The share of clean-energy spending rose to a record 43% of total energy-related investment in 2016, the International Energy Agency’s (IEA’s) yearly World Energy Investment report shows.
Global energy investment fell by 12% to $1.7-trillion last year, the second consecutive year of decline. However, for the first time, spending on the electricity sector exceeded the combined spending on oil, gas and coal supply. "Oil and gas represent two-fifths of global energy investment, despite a fall of 38% in capital spending in that sector between 2014 and 2016. As a result, the low-carbon components, including electricity networks, grew their share of total supply-side investment by twelve percentage points to 43% over the same period."
Global electricity investment was flat at $718-billion, with growing network spending offset, mostly, by fewer coal-power additions. "Investment in coal-fired plants fell sharply, with nearly 20 GW less commissioned, reflecting concerns about local air pollution and the emergence of overcapacity in some markets, notably China, though investment grew in India. The investment decisions taken in 2016, totalling a mere 40 GW globally, signal a more dramatic slowdown ahead for coal power investment once the current wave of construction comes to an end."
Even investment in renewable-based power capacity, the largest area of electricity spending, fell 3% to $297-billion. Renewable-energy investment was also 3% lower compared with five years ago, but the IEA said the plants would generate 35% more power, owing to cost declines and technology improvements in solar photovoltaic (PV) and wind.
The IEA reported that 10 GW of nuclear power capacity came on line in 2016, which was the highest in over 15 years. However, construction of only 3 GW of new nuclear capacity was started, mostly in China, which was 60% lower than the average of the previous decade.
The report also found that carbon emissions stagnated in 2016 for the third year. However, it argued that investment in clean electricity generation was not keeping pace with demand growth.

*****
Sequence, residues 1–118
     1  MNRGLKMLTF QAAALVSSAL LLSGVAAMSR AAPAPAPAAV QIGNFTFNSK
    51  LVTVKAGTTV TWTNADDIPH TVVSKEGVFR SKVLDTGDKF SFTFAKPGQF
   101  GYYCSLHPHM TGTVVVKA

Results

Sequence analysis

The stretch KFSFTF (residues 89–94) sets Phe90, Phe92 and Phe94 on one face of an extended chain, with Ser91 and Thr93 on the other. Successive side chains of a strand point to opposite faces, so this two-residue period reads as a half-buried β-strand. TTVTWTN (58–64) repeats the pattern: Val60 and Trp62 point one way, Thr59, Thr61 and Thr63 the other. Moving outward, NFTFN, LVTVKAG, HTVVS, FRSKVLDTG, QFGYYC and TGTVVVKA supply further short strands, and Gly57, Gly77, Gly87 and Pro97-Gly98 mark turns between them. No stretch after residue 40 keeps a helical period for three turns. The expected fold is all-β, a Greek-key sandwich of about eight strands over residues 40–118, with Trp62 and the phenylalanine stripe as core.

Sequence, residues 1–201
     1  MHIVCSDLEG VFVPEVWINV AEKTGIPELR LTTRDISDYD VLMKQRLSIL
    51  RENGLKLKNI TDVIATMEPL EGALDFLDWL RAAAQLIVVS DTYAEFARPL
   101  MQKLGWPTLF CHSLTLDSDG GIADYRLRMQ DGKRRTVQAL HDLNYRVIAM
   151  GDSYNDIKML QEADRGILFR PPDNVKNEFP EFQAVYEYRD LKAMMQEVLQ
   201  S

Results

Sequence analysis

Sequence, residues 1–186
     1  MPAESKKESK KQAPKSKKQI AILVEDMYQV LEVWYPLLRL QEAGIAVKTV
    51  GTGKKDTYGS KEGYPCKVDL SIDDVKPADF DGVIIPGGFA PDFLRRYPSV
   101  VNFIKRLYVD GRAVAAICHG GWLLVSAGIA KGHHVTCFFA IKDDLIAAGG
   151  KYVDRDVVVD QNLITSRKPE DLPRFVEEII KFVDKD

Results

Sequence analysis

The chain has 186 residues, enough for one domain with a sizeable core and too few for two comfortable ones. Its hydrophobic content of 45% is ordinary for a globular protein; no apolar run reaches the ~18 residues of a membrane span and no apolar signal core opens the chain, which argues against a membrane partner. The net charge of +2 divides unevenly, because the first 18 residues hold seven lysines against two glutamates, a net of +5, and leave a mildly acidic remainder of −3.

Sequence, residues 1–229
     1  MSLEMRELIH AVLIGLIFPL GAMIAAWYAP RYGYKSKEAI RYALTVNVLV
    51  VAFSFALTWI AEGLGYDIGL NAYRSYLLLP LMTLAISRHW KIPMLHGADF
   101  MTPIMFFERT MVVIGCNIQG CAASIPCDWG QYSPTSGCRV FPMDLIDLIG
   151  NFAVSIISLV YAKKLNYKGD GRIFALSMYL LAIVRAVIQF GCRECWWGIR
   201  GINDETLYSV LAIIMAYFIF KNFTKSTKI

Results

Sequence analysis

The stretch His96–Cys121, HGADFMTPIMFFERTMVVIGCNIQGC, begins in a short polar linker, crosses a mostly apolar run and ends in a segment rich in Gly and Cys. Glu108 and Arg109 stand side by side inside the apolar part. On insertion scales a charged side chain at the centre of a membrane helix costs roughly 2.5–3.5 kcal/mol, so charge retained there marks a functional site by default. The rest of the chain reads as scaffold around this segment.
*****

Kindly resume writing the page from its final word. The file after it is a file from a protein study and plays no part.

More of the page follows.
“Growth in new wind and solar PV generation growth is almost entirely offset by a slowdown in final investment decisions for new nuclear and hydropower expected in the coming years. Consequently, investment in new low-carbon generation needs to accelerate just to keep pace with electricity demand growth.”
With well over 90% of electricity sector investments funded with regulated pricing or contracts to manage revenue risks, government policies and new business models would play a pre-eminent role in attracting more financing, the IEA said.
Energy-efficiency investment, meanwhile, rose 9% to $231-billion with China emerging as the fastest-growing region for such investments, accounting for 27% of the total last year.
The IEA says that, at this rate, China could soon eclipse Europe as the largest spender on energy efficiency. More than half of the global investment in energy efficiency went to buildings, including efficient appliances, which account for a third of the world’s total energy demand.
China was also the world’s largest energy investor overall in 2016, notwithstanding a 25% decline in coal-fired power investment. The IEA says clean electricity generation and networks, as well as energy efficiency investment, are increasingly driving the country’s investment.
The US, meanwhile, recorded a sharp decline in oil and gas investment, and accounted for 16% of global spending. India was the fastest-growing major energy investment market, with spending up 7% as a result of a strong government push to modernise and expand the power sector.
After two years of “unprecedented” decline, global upstream oil and gas investment was expected to stabilise in 2017.
“However, an upswing in US shale spending contrasts with stagnation in the rest of the world, signalling a two-speed oil market. At the same time, the oil and gas industry overall is transforming itself by delivering large cost savings and focusing more on technology development and efficient project execution,” the IEA stated.